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Review: Savages Weren’t the First to Make Love a Battlefield on ‘Adore Life’

SPIN Rating: 6 of 10
Release Date: January 21, 2016
Label: Matador Records

Savages‘ conflicted thesis statement for their seething sophomore LP, Adore Life, lopes into the album’s stark black-and-white frame on its flamenco-tinged second track, “Evil”: “Don’t try to change / The way they made you,” Jehnny Beth snarls from deep within her throat. During the song’s coda, she yelps the title over and over again, as if trying to exorcise her own demons by breaking them upon Fay Milton’s punishing drums. Her verses’ sneering terms are broad, yet specific enough to encompass religion (“Stay Catholic”) and how women are socialized in our culture (“Only one way to raise a family”), but those two lines in particular apply to how the clique of four imperious London punks chose to follow their towering 2013 debut, Silence Yourself. Really, they also apply to how any band grows in power, maturity, and technique while staying faithful enough to what their audience expects from them.

Plenty of artists don’t care about that last part, but Beth, Milton, guitarist Gemma Thompson, and bassist Ay?e Hassan do. Silence erupted through headphones and amps and thrashed necks forward and back with rare feral ferocity, channeling the future ghosts of Michael Gira and Nick Cave. And then there was the content roaring out of Beth’s mouth — lyrics so simultaneously brunt and obtuse that their subtleties were somewhat taken for granted: One speed-metallic ode to consensual BDSM was believed to be about domestic violence by the pearl-grasping set.

To recapture live crowds’ rapt responses to their sets of tightly coiled restraint and eviscerating release, Savages posted up in Brooklyn for a January residency, under the auspices of testing out new material with those who would be most keen on absorbing it. For their second album they also enlisted longtime producer Johnny Hostile (who’s also Beth’s partner). The four unfailingly black-clad musicians went to “shake things up” after a stagnant writing session on their home turf, and their winter of discontent pushed them to write ten songs about the exact opposite of what fans might have expected: Life, love, and — gasp — actually caring.

That all sounds a little boring on paper, and can be on the lyrics sheet as well. Not even Beth’s rockabilly Mark E. Smith yelps over Hasan’s taut, strutting bass can save “Sad Person” from the tired comparison of love to drugs: “What happens in your brain / Is the same as a rush of cocaine.” Her songs of the heart work better when they’re tortured into strange new shapes by Thompson’s fretwork. On “Adore,” at first she emotes to the point of straight-up Morrissey, plaintively wondering, “Is it human to adore life?” over the chorus’ crashing, Johnny Marr-reminiscent guitars. It isn’t until she howls the title, her voice burning brightly (and then out) in a vortex of hissing hi-hats and simmering crackles, that hairs raise and you remember why you wanted to rip off the head of that douchebag who objectified Milton.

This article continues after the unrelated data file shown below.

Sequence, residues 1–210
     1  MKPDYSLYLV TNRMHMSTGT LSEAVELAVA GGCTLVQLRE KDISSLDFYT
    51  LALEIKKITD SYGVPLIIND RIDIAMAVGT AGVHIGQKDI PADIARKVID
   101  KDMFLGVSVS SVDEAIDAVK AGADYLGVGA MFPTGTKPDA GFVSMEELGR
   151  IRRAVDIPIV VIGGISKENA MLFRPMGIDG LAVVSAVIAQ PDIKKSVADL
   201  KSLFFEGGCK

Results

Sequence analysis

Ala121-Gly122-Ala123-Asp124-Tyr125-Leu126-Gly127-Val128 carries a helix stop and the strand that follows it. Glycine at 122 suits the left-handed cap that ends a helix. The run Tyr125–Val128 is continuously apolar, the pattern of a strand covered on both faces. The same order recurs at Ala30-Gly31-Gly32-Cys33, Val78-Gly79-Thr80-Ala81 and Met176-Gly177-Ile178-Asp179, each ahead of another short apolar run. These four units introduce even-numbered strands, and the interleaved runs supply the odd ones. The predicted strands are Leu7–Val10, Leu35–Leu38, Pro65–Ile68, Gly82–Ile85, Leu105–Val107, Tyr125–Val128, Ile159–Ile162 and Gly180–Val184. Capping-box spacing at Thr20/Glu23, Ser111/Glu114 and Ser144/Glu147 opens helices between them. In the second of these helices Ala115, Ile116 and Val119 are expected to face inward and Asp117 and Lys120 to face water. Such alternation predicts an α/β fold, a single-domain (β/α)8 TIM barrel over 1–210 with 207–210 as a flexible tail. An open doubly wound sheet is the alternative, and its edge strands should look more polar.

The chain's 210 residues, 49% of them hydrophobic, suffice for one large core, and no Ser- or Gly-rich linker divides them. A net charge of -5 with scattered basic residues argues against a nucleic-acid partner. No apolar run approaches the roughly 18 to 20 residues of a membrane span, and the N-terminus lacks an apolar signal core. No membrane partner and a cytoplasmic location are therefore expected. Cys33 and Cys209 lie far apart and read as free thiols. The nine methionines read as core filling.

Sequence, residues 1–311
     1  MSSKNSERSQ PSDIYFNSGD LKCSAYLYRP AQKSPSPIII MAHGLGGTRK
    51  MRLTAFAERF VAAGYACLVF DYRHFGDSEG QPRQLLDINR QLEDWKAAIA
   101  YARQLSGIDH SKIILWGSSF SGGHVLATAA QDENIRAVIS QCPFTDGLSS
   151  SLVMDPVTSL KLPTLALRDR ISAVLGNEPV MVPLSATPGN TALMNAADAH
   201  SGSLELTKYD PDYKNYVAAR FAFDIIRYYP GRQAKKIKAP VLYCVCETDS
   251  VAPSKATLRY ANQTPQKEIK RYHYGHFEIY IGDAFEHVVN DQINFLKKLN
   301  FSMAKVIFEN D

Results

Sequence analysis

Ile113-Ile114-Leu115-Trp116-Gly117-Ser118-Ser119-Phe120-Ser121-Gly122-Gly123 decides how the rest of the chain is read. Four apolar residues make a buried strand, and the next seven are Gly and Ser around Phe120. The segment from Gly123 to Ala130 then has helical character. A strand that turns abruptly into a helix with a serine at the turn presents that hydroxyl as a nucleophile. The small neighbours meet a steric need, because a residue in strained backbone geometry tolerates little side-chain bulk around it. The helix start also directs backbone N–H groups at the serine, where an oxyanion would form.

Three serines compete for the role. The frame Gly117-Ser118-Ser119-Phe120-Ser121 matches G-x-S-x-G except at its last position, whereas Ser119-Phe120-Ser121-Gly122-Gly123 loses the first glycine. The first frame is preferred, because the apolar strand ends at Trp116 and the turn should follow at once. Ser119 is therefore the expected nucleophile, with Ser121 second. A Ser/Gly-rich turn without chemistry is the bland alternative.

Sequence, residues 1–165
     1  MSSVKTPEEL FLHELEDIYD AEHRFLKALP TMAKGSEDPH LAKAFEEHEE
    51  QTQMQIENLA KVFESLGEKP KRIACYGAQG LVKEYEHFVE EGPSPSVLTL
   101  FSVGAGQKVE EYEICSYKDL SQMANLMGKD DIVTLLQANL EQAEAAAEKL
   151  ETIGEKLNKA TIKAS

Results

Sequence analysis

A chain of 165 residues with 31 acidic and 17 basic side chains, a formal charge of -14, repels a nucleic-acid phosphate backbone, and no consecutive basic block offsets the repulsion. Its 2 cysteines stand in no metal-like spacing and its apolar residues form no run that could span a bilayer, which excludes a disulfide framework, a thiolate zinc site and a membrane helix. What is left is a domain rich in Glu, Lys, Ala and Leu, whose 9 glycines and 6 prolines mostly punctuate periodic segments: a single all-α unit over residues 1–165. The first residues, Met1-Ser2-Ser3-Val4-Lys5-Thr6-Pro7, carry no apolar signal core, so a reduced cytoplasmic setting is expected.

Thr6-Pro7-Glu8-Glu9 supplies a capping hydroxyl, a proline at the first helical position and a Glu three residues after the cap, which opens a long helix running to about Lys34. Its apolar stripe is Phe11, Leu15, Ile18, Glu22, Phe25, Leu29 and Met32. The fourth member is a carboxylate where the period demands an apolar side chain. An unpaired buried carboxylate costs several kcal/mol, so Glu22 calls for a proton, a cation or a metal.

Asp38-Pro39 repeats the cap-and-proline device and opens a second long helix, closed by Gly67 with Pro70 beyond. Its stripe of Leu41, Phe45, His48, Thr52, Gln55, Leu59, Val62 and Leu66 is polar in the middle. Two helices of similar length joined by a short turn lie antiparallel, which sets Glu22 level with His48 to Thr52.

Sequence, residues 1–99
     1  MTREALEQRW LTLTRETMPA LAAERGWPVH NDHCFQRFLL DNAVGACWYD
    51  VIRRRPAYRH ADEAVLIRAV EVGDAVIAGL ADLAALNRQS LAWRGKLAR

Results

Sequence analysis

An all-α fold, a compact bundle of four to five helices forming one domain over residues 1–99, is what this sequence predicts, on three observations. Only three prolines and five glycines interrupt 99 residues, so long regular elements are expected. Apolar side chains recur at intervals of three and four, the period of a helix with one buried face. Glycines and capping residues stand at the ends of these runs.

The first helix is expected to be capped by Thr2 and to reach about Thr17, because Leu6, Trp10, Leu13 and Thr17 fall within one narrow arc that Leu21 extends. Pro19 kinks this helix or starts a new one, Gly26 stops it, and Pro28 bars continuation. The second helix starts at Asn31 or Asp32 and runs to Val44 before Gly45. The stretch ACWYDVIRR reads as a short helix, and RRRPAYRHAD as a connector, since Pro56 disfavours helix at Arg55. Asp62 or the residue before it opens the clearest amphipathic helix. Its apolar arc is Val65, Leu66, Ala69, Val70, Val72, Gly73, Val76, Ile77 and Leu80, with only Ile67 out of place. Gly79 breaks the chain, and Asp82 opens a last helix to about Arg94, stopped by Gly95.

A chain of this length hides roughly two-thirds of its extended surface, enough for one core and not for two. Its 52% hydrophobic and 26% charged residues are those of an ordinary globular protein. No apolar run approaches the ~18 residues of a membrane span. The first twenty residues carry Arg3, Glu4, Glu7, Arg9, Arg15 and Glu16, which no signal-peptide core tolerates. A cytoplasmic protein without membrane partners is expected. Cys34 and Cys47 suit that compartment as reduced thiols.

When they try “Slowing Down the World” on the next track, which comes and goes with ho-hum surges of static feedback — which already, at this point in the record, seems to be nothing more than a device for filling the absence of more novel noises — it’s a bit of a disappointment. Adore Life‘s second half is much heavier than the first, with roiling brown notes of background noise ricocheting in the void as Beth weaponizes love by contextualizing it in terms of war: the title of “Surrender,” retribution (“This is what you get when you mess with love!”). Much of Savages’ initial acclaim came from those craving sleek yet unfettered rock, who had their eyeballs melted by those strobe lights and the musicians’ own heated emanations, and it’s not hard to understand how a New York test crowd would go nuts over such thundering homages to Throbbing Gristle.

Too often on tape, though, the album sags under its own weight. The  f**k you and your iPhone, too rage of Silence Yourself, bristling inexhaustibly with riffs so wiry they’re wince-inducing, has been sapped from its successor. Love can be savage, but it can be even more difficult to smash together such intimate feelings, even if they’re boiling over so much you want to put your fingers down the other person’s throat (as on “When In Love”). Gnarly rippers don’t come without at least a little cold-eyed glint and bitter, gritted teeth. And this time, as they say themselves, Savages chose love.